Parkinsonís disease (PD), and other movement disorders, such as Huntingtonís disease, progressive supranuclear palsy, multiple system atrophy, corticobasal degeneration, Touretteís syndrome, stroke and Wilsonís disease, have a progressive long-term impact on the afflicted individualsí independence and quality of life. Treatment for these disorders is a tremendous burden on the Canadian health care system, costing hundreds of millions of dollars annually.
The Faculty of Science and the Department of Kinesiology & Physical Education at Wilfrid Laurier University propose to establish a nationally and internationally recognized community-based research and rehabilitation centre to focus on Parkinsonís disease and other movement disorders.†
The Movement Disorders Research & Rehabilitation Centre (MDRC) based in the Faculty of Science conducts research into movement disorders, predominately those found in individuals with Parkinsonís disease. The centre conducts research that has immediate and direct impact on individuals in our community. Research foci include investigation of brain function, evaluation of internationally developed treatment strategies and devices, and the development of exercise rehabilitation for the alleviation of disease symptoms.
Parkinsonís disease affects over 100,000 Canadians and has a progressive long-term impact on functional independence and quality of life. Degeneration of a common brain structure known as the basal ganglia leads to impairment of movement control, as observed in Parkinsonís disease and several other movement disorders. Deficits can be readily observed in both simple and complex functional actions of the upper limbs, and in the lower limbs in balance and gait control.
Our collaborative team includes 20 full-time faculty from Laurier and other universities/institutions, as well as graduate and undergraduate students, and therapists from the community who will contribute to projects of the MDRC. Team members will be involved in the generation of research ideas, collection of data, sharing of knowledge at research seminars at the centre, at national and international conferences, and publication of the research advances in high quality peer-reviewed journals. The centre will integrate multi-site expertise in the fields of physiotherapy, occupational therapy, biomechanics, motor control, movement disorders neurology, statistics, and psychosocial research. The primary objective is to understand brain function and how it contributes to movement impairment in movement disorder populations. This knowledge will be used to evaluate whether specific forms of exercise influence the neural pathways responsible for controlling movement, posture and balance, and hence impact the symptoms of disease. The influence of exercise rehabilitation on movement control and its relationship to functional improvement are among the primary objectives of the centerís studies. A key element in the proposed research involves the creation of a validated assessment tool that measures benefits of exercise in terms of symptoms, movement control, and functional status in the activities of daily living.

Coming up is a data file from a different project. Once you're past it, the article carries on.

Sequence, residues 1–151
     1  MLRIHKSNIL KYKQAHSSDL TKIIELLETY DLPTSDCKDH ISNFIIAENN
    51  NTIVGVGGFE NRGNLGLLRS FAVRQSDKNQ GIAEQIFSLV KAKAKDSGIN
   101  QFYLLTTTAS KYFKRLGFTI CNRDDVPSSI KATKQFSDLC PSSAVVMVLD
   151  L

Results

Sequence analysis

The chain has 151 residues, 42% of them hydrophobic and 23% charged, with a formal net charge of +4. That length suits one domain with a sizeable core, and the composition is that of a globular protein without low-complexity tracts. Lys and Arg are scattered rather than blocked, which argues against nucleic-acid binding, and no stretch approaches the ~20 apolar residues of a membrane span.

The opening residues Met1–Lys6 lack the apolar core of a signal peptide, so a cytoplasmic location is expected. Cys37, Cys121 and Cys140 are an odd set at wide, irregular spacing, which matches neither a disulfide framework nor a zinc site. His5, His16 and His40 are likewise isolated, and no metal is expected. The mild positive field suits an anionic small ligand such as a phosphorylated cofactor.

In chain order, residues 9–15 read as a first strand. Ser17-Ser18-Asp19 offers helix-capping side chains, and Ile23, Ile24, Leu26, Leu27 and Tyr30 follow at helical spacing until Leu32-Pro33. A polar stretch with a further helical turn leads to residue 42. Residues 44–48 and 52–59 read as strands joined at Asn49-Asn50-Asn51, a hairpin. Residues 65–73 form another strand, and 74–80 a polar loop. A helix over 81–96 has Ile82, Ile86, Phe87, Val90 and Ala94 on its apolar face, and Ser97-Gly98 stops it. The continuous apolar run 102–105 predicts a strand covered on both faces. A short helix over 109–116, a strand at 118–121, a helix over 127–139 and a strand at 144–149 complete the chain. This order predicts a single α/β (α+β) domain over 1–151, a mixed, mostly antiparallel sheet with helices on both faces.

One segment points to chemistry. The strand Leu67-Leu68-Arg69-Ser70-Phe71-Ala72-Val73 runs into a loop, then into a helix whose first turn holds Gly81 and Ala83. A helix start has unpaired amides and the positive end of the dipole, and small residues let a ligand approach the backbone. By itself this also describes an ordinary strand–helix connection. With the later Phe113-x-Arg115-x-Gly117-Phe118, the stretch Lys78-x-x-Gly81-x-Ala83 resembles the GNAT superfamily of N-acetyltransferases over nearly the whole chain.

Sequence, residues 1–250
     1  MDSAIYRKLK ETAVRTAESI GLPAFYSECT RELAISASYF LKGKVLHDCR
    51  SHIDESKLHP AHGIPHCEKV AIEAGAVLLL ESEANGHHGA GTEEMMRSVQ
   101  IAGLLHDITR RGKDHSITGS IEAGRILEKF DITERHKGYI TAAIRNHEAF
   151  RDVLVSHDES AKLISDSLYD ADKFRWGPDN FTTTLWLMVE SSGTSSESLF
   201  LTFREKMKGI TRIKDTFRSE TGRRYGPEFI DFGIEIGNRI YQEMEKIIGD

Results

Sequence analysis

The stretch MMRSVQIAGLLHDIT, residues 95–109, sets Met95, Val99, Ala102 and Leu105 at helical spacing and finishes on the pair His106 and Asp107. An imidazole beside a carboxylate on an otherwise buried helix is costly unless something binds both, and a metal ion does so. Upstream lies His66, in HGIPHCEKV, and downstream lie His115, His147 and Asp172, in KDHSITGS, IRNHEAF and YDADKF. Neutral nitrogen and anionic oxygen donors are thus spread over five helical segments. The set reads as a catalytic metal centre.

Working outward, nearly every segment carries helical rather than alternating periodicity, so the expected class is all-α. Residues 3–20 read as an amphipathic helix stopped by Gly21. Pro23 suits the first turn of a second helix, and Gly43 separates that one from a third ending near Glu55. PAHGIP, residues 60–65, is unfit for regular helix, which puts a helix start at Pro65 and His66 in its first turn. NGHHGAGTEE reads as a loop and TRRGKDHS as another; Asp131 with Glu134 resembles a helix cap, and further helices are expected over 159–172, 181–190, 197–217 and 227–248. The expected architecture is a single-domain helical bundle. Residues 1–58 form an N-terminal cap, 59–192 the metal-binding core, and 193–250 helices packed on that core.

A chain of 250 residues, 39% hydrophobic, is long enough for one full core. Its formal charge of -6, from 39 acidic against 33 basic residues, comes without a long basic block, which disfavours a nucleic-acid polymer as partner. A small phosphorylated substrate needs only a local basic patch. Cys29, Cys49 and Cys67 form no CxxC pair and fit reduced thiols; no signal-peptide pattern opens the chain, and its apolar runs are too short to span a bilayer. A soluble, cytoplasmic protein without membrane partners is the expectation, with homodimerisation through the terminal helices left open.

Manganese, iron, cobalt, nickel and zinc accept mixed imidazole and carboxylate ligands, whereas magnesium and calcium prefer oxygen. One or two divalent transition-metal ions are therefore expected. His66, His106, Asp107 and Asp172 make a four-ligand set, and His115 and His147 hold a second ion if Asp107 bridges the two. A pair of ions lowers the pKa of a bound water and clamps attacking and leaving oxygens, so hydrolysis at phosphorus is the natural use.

Research benefits and opportunities
As there is currently no cure for these diseases, traditional treatment aims to replace dopamine in the brain with medication to compensate for neurodegenerative processes. The potential neuroprotective and rehabilitative influence of exercise on brain pathways for improved functional control of movement has been rarely studied, although it is a quickly growing topic of international interest. Research at Laurier suggests that discovery of a new sensory processing function of the basal ganglia may lead to successful rehabilitation and slowing of the progressive symptoms of disease. Through multi-disciplinary and collaborative research, scientists at Laurier are discovering new aspects in the neurological health sciences that have assisted people already in coping with brain related maladies.
Dr. Quincy Almeida, Professor of Kinesiology & Physical Education, and his team are at the forefront of designing exercise rehabilitation based on the potential therapeutic influence of sensory signals in movement disorder diseases.
Wilfrid Laurier University is devoted to learning, research, professional expertise and personal development in a supportive environment. MDRC would provide unique opportunities for undergraduate and graduate students to have hands-on interaction with movement disorder patients in volunteer, co-op, observational learning (laboratory component of undergraduate and graduate classes), rehabilitation and research placements. These opportunities are attracting high-calibre undergraduate students as well as graduate students to the new MSc in Health and Physical Activity offered by KPE. The interdisciplinary and comprehensive nature of the MDRC is also attracting attention from international researchers and scholars who wish to become involved in its research activities.
While many universities are attempting to establish research institutes to focus on healthy aging, Wilfrid Laurier University is the first university in Canada to integrate scientific research and rehabilitation with a focus on movement disorders in a research centre. This initiative will foster a link to community chapters of the Parkinsonís Society of Canada and local hospitals. Community partnered approaches to research meet our objective of deepening our scientific knowledge base in the areas of health promotion and disease prevention. These partnerships offer the potential to generate better-informed hypotheses, develop more effective interventions, and enhance the translation of research results into practice.